Fandom: Pushing Daisies
Summary: Life changes, not always for the better, but there are comforts still to be found.
Author's Notes: Happy belated birthday to mercurybard! I hoped this would finish sooner, but then, I also expected it to be much shorter. In any case, I hope you like it. :)
In the beginning, the world of Charlotte Charles was clear and good and bright. Charlotte's father, Charles Charles, offered piggyback rides and bedtime stories, and Charlotte's friend Ned shared secrets and a love of running through sunlit meadows. The Charles' house smelled of Pine Sol, cookies, and Brut aftershave, while Charlotte's friend smelled of earth and grass—of the outdoors and all the adventures to be found.
But one day, when the sun was shining and the honeysuckle hummed with bees, her father suddenly died. A part of Charlotte's childhood died then too, and yet another when she lost her friend as well.
While everyone left, Charlotte stayed in the house where she and her father had lived. Her aunts came to care for her, sisters of the mother she never knew. One was fragile, the other brittle, and neither spoke more than twenty sentences a day. Charlotte wandered the rooms downstairs and wondered where the sun had gone and why everything smelled of cheese. She climbed the stairs to where her father's handkerchiefs slept in a drawer, and lifting them to her face she would breathe in the memories of all she so sorely missed.
In the company of her aunts she grew brave again, for they loved her though they knew little about raising children. Charlotte would crawl into the closet of colorful sequined clothes and bury her face in the nylon and gauze, dreaming of the secret lives those clothes had lived. For years, she was bewildered by their sharp alien smell, until a trip to a school friend's swimming pool settled the question once and for all. Afterwards, new questions rose up to take its place.
Vivian and Lily, who were not the maiden aunts they had seemed, unrolled their past one evening over cocktails and gruyere croquettes. The two sisters had toured the country in a glamorous and chlorinated spectacle billed as the Darling Mermaid Darlings, a water revue of synchronization and satin. Charlotte was so entranced with the photographs of this other life that Vivian and Lily decided retiring for Charlotte's sake was not necessary after all.
The revue resumed.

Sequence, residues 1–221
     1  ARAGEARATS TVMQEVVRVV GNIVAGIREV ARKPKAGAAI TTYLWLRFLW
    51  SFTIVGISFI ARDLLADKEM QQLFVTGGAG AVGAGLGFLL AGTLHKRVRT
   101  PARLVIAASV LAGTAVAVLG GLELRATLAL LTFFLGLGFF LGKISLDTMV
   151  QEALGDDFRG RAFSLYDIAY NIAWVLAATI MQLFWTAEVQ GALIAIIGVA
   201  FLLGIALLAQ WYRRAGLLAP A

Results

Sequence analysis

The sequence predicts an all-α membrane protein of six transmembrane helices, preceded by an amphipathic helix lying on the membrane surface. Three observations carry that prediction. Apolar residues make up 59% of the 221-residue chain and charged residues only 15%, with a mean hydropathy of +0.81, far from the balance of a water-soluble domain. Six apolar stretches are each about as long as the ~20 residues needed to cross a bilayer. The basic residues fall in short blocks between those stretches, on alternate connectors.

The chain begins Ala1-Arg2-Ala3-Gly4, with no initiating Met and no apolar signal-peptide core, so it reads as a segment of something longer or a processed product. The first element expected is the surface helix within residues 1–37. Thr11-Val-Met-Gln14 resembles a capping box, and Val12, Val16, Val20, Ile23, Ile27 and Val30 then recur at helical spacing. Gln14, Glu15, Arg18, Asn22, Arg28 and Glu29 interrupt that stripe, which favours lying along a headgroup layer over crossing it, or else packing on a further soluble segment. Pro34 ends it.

On weekdays, Charlotte and her aunts went about the daily duties of school and housecleaning and grocery-shopping, with occasional costume-sewing and repair. The sisters rehearsed their performances and created new routines during school hours. Evenings were a miasma of cocktails and homework. But on weekends, the Darling Mermaid Darlings went on tour, thrilling audiences in nearby states. Summers were reserved for cross-country travel.
Charlotte loved those trips, and the parade of motels, restaurants, and adoring crowds. The motel rooms often carried hints of stale cigarette smoke and freshly-bleached linen, but to Charlotte those were the smells of adventure.
In her teen years, Charlotte sometimes thought of those distant cities and the glimmering azure waters that were her aunts' second home. Devoted to her studies, she rarely traveled by then, but she remembered the excitement of new places and people fondly. Her college years afforded little change.
It was afterward that the opportunity finally presented itself. Charlotte had no duties or deadlines standing in the way, no term papers or tests to prepare for. She arranged for a vacation of her own, a chance to find out who she was and who she wanted to become. She hoped the cruise ship tour she had booked would bring the new perspective she was seeking.
Bidding her aunts farewell, Charlotte boarded the ship, marveling at its gleaming white hull and the hundreds of windows opening onto new horizons. For days it journeyed into open waters, toward new lands and new possibilities. Charlotte strolled the upper deck in sandals and a sundress, enjoying the beauty of the crisp blue water and dreaming of all the wonders that lay ahead. On the third night, she dined with a retired couple from Richmond, who were art and opera enthusiasts. Then she went for a walk in the moonlight, intoxicated by the salty scent of promise in the ocean air. Little did she know that within minutes, her journey would to come to an end.
The facts were these…
Deedee Dunfield, of the Boutique Travel Travel Boutique, had bestowed the cruise upon Charlotte at no cost, in exchange for transporting a pair of plaster monkeys. Underneath their dull exterior, the smuggled simians were in fact made of gold. The persons who wanted them were willing to kill Charlotte, and later Deedee, in order to obtain the illicit goods. And in fact, they did.
Charlotte awoke in a box, staring at the ceiling of a room she did not recognize. The overwhelming scent of flowers flooded her senses, more flowers than actually belonged indoors and this wood-paneled place was certainly no greenhouse. Something was amiss.
That something most likely was not the man leaning over her just then. He had a most sincere face, and he seemed like someone she remembered from long ago—the childhood friend who had cherished her with those same kind eyes.
Charlotte's head was awhirl, lying in that strange place under unknown circumstances. But just then, she caught the faint aroma of something different, something that almost smelled like pie.
In that moment, Charlotte Charles knew that no matter where she was or how she came to be there, everything would somehow be all right.
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